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Boris Karloff, Christopher Lee, Mark Eden, Barbara Steele, Michael Gough, Virginia Wetherell, and Rupert Davies
Vernon Sewell
Mervin Haisman and Henry Lincoln
87 Mins.
Cheezy Movies

 "Curse of the Crimson Altar" Released by Cheezy Movies 
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Also released as The Crimson Cult, Curse of the Crimson Altar is a 1968 production that gives us the joy of watching horror icons Boris Karloff and Christopher Lee, the former in a wheelchair and at the end of his career with this film, and the grooved out antics of director Vernon Sewell whose stylings alone practically make this a watchable film.

In the film, Robert Manning (Mark Eden) pays a visit to a remote country house where his brother, now missing, was last heard from. While Robert's host, Morley (Christopher Lee), is seemingly hospitable, and his niece (Virginia Wetherell) even more outwardly so, Manning detects a menace in the air with the legend of Lavinia Morley (Barbara Steele), Black Witch of Greymarsh, hanging over everything and everyone.

First released in 1968, Curse of the Crimson Altar has a groovy vibe about it that is enhanced by D.P. John Coquillon's rather trippy lensing. While staying at the lodge, Manning begins to experience hallucinatory dreams of S&M practices and spectators dressed up as goats and skeletons. He meets with Professor Marsh (Boris Karloff), an expert in the Occult, and this is where he begins to discover the secrets of Lavinia Morley. The film's original music is similarly psychedelic and both Karloff and Lee, in particular, ride these psychedelic vibes perfectly.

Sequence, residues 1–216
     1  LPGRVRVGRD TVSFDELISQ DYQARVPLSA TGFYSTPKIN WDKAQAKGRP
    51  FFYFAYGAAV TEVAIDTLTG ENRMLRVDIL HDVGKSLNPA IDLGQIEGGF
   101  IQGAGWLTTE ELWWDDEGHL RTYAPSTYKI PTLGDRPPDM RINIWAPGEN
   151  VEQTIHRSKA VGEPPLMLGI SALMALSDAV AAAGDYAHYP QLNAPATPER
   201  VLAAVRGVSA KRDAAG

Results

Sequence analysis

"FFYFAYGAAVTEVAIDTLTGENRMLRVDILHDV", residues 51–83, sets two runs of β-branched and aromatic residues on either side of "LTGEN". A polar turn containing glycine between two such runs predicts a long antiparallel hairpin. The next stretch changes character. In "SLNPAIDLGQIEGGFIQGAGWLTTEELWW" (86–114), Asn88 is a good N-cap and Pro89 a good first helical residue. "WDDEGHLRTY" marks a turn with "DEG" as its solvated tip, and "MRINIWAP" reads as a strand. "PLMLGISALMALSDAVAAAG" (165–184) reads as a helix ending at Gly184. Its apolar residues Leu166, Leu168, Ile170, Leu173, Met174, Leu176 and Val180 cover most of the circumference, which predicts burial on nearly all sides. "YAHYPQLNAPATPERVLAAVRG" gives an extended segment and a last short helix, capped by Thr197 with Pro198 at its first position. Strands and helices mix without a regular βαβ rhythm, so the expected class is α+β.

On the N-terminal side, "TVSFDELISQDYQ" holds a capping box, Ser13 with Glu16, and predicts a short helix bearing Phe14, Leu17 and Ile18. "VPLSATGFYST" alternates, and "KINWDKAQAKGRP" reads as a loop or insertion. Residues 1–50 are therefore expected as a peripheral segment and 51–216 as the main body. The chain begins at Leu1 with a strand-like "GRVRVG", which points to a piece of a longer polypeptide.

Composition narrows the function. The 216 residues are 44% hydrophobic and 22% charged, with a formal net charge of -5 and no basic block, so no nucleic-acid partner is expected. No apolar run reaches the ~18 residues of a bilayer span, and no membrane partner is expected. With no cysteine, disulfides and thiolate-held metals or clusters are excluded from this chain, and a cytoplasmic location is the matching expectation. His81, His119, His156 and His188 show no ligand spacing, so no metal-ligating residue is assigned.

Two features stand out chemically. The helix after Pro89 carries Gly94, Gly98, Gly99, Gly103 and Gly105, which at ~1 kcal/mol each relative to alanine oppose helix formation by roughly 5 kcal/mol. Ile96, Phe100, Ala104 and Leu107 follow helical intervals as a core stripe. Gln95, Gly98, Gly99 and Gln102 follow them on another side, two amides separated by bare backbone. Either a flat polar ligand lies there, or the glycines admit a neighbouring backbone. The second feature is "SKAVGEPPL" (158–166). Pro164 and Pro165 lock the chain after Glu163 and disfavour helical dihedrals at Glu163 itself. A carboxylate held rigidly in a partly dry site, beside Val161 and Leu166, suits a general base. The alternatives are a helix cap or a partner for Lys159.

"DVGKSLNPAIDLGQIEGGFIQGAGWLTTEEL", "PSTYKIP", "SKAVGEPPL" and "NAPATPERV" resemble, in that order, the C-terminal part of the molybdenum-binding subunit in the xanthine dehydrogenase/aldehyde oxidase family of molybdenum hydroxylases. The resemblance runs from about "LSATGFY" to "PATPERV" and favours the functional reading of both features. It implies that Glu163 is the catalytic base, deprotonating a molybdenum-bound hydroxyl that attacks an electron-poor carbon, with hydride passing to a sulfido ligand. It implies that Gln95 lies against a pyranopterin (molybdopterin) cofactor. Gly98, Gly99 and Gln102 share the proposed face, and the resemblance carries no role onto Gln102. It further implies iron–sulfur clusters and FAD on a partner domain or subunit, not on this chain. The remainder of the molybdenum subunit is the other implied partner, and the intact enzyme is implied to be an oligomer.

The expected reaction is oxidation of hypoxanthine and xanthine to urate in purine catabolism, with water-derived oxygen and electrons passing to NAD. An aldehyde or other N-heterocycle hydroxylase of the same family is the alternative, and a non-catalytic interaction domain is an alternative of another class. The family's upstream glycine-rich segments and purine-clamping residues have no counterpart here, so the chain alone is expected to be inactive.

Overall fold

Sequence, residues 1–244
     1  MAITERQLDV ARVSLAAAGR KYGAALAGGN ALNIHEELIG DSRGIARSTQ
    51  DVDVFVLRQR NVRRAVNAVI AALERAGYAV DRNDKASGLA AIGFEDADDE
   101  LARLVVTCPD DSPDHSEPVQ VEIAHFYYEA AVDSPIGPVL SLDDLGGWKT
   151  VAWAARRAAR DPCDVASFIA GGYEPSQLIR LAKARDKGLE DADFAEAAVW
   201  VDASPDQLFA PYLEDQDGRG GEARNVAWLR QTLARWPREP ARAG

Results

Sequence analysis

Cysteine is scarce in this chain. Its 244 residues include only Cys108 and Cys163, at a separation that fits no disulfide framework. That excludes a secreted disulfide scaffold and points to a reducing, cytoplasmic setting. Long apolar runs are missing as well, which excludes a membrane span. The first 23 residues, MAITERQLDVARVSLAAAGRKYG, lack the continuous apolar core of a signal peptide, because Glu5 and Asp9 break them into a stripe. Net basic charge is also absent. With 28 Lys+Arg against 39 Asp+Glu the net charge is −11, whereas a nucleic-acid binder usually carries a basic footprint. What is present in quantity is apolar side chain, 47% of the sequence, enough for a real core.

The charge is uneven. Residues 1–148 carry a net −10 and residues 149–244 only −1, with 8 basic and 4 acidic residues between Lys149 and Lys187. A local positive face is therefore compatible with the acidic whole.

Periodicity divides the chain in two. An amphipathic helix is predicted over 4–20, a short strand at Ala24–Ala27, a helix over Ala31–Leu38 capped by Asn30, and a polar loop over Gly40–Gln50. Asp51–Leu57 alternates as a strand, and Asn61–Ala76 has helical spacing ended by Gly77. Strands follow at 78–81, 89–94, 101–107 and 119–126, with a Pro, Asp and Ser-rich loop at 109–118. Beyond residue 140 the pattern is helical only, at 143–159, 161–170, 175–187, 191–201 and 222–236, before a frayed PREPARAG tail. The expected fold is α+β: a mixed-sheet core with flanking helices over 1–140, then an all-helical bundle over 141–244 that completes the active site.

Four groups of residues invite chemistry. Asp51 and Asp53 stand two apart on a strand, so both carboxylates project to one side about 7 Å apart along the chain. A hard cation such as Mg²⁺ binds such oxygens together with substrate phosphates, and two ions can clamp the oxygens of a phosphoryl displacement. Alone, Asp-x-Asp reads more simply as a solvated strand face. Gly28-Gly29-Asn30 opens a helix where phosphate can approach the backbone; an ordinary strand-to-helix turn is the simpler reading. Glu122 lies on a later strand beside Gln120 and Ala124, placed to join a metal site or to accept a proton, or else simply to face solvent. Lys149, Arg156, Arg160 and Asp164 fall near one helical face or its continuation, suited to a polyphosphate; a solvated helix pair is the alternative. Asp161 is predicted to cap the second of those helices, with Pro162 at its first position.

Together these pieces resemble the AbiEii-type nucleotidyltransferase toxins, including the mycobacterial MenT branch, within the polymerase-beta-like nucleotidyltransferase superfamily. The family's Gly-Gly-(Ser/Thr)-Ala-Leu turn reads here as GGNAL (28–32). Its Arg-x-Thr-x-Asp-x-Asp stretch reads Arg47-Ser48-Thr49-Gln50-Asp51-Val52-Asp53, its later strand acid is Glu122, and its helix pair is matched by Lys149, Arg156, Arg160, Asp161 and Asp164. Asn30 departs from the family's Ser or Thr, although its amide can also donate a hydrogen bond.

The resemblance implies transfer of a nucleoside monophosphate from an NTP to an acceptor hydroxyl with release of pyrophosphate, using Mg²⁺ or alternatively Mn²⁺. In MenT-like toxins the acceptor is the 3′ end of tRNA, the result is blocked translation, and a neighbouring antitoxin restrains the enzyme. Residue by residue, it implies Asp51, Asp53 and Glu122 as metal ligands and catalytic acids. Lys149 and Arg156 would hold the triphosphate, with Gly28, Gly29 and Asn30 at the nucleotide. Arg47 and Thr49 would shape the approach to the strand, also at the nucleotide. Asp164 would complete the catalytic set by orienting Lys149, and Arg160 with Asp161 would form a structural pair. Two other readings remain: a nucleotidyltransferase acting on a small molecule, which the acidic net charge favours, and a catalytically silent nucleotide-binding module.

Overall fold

Unfortunately, Eden, the film's actual lead, is less successful and this holds the film back from being an absolute "must see" type of film for fans of late 60's/early 70's B-movie flicks. 

While far from a flawless film, Curse of the Crimson Altar contains most of what you'd want from this type of flick and, with the exception of Eden, is a pretty darn good time. Having been distributed multiple times over the years, it seems appropriate that it finds a home here with Cheezy Movies.

© Written by Richard Propes
The Independent Critic 

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